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Autism spectrum disorder diagnosis in adults: phenotype and genotype findings from a clinically derived cohort

Underwood, Jack ORCID:, Kendall, Kimberley ORCID:, Berrett, Jennifer, Lewis, Catrin ORCID:, Anney, Richard ORCID:, Van den Bree, Marianne ORCID: and Hall, Jeremy ORCID: 2019. Autism spectrum disorder diagnosis in adults: phenotype and genotype findings from a clinically derived cohort. British Journal of Psychiatry 215 (5) , pp. 647-653. 10.1192/bjp.2019.30

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Background The past decade has seen the development of services for adults presenting with symptoms of autism spectrum disorder (ASD) in the UK. Compared with children, little is known about the phenotypic and genetic characteristics of these patients. Aims This e-cohort study aimed to examine the phenotypic and genetic characteristics of a clinically presenting sample of adults diagnosed with ASD by specialist services. Method Individuals diagnosed with ASD as adults were recruited by the National Centre for Mental Health and completed self-report questionnaires, interviews and provided DNA; 105 eligible individuals were matched to 76 healthy controls. We investigated demographics, social history and comorbid psychiatric and physical disorders. Samples were genotyped, copy number variants (CNVs) were called and polygenic risk scores were calculated. Results Of individuals with ASD, 89.5% had at least one comorbid psychiatric diagnosis, with depression (62.9%) and anxiety (55.2%) being the most common. The ASD group experienced more neurological comorbidities than controls, particularly migraine headache. They were less likely to have married or be in work, and had more alcohol-related problems. There was a significantly higher load of autism common genetic variants in the adult ASD group compared with controls, but there was no difference in the rate of rare CNVs. Conclusions This study provides important information about psychiatric comorbidity in adult ASD, which may inform clinical practice and patient counselling. It also suggests that the polygenic load of common ASD-associated variants may be important in conferring risk within the non-intellectually disabled population of adults with ASD.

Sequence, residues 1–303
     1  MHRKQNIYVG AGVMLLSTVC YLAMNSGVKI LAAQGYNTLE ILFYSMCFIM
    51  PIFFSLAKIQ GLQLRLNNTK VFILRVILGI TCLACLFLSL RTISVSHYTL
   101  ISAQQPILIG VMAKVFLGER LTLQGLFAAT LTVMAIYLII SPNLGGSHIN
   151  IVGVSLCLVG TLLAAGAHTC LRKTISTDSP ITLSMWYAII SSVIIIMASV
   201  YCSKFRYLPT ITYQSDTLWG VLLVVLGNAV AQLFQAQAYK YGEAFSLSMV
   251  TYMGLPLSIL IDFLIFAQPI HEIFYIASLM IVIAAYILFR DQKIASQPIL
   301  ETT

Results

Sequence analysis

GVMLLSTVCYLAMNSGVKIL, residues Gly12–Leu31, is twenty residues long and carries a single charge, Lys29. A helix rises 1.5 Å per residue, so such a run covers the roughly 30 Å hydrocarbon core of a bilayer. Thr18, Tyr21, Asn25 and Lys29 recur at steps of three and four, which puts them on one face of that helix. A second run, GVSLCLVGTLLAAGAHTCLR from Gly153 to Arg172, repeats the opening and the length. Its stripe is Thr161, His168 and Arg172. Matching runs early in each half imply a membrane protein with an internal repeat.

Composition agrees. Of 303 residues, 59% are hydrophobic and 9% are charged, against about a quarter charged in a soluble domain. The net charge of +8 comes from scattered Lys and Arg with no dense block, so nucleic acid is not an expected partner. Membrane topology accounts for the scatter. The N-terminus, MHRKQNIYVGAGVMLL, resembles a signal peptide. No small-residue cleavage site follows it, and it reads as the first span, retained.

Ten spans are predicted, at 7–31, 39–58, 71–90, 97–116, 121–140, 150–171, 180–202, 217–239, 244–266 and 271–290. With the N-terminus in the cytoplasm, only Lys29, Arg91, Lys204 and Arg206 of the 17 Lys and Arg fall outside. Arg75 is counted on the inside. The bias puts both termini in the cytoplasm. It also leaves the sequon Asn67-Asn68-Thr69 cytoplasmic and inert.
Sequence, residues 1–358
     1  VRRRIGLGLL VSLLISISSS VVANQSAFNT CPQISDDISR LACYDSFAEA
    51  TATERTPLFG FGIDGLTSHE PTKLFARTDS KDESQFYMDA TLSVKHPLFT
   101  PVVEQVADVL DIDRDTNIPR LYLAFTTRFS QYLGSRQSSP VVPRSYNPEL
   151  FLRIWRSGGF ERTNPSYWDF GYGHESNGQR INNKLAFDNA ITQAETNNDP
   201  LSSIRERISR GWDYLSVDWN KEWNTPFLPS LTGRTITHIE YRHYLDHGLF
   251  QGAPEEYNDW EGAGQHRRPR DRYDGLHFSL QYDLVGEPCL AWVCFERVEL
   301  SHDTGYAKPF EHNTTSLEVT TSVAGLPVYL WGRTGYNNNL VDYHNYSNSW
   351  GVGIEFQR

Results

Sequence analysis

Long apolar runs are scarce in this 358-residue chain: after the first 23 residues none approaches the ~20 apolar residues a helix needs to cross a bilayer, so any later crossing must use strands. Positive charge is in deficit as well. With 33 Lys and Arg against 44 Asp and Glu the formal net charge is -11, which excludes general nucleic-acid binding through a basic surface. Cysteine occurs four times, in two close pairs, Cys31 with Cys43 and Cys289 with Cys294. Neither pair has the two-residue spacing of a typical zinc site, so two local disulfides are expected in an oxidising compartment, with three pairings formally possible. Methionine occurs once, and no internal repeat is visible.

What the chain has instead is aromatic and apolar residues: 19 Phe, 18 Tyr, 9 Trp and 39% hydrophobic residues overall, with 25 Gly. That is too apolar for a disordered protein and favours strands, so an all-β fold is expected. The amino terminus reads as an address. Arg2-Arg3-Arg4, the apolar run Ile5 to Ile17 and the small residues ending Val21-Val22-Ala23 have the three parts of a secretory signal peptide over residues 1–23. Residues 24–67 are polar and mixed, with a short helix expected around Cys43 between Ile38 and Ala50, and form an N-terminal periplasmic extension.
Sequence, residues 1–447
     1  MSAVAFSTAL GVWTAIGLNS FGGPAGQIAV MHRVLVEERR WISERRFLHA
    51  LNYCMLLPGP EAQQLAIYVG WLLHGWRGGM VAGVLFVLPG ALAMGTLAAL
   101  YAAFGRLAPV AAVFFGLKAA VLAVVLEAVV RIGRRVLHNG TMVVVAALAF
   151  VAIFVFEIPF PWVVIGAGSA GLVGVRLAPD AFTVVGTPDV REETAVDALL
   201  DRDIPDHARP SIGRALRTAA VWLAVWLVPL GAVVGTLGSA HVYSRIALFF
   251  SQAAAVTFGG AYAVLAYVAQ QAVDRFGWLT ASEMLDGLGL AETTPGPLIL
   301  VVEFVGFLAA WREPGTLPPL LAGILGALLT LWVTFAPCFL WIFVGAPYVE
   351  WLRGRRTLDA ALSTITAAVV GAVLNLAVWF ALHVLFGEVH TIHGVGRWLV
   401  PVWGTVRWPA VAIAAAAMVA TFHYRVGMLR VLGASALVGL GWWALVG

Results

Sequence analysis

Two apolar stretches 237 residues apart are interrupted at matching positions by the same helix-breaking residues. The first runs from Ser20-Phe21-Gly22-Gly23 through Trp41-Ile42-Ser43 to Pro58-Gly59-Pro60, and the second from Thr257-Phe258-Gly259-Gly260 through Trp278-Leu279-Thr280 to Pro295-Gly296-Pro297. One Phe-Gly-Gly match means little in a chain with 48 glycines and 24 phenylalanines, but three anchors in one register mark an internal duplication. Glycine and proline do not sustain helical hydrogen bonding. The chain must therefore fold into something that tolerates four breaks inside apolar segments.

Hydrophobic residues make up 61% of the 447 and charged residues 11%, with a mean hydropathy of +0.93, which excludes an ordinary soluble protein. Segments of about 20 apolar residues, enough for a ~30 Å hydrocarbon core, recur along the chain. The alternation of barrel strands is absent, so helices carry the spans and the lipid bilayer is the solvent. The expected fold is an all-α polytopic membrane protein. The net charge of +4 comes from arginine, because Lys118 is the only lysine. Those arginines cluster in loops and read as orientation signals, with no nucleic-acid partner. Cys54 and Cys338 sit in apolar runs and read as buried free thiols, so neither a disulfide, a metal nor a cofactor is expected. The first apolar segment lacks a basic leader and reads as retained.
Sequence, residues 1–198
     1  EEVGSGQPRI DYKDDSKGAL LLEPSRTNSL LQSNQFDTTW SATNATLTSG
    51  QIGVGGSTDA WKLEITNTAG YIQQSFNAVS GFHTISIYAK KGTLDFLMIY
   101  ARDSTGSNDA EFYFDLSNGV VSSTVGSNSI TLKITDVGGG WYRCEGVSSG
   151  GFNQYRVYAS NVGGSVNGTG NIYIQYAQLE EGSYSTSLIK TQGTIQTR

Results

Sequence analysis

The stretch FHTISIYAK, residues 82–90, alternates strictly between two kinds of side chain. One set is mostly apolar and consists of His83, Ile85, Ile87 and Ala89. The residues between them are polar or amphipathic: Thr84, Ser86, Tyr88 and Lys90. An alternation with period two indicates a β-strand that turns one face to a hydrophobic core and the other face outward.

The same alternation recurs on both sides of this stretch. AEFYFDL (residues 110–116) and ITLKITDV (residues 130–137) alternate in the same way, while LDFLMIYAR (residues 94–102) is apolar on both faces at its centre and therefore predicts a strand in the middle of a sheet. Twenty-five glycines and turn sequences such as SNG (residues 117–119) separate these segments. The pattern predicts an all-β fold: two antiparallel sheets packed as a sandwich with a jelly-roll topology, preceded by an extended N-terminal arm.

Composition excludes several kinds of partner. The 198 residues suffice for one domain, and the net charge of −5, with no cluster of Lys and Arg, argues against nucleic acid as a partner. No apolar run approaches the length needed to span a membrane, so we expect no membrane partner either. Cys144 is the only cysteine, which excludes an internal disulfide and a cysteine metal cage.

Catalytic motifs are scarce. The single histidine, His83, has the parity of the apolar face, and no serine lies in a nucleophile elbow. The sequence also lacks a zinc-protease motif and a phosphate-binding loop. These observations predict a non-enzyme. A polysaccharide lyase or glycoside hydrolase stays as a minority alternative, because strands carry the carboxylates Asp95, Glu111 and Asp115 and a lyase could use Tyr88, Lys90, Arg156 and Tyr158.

Item Type: Article
Date Type: Publication
Status: Published
Schools: Medicine
MRC Centre for Neuropsychiatric Genetics and Genomics (CNGG)
Publisher: Cambridge University Press (CUP)
ISSN: 0007-1250
Date of First Compliant Deposit: 24 January 2019
Date of Acceptance: 16 January 2019
Last Modified: 08 May 2023 12:15

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